South Sudan’s government is seeking $300 million in loans to support its next budget as it works to stabilize the country which has been marred by violence since 2011.
The country’s government last week approved a budget proposal for the 2016/17 fiscal year, which nearly triples the current budget.
“If it is approved by the transitional National Legislative assembly (the funding aim) will be around $300 million, for which we will seek support from the donor community in terms of grants or external borrowing,” Reuters news agency reports Finance Minister Stephen Dau to say.
The world’s youngest nation descended into war in December 2013 after President Salva Kiir accused his then deputy Riek Machar of plotting a coup against his government.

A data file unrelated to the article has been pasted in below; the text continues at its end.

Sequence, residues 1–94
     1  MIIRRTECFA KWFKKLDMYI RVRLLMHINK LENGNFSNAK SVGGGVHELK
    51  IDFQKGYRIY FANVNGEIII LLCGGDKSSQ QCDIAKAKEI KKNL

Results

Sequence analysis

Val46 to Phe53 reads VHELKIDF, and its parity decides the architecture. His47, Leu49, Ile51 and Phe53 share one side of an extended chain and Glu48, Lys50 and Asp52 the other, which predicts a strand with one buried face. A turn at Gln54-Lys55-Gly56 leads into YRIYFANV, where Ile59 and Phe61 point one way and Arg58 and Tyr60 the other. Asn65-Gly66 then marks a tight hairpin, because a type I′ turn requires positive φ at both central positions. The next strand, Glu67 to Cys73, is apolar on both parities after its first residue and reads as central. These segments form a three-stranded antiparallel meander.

Machar refuted the claims but went on to mobilize a rebel force to fight the government.
The violence halted many projects in the country, time and again causing huge inflations.
In March this year, Riek Machar returned to the capital in a UN-backed peace deal that saw him take up the position of first vice president under President Salva Kiir.
This peace was however short-lived as last month fighting broke out in the capital Juba between forces loyal to the two leaders, prompting Machar to flee with his troops.
Machar is currently receiving treatment in neighbouring Sudan.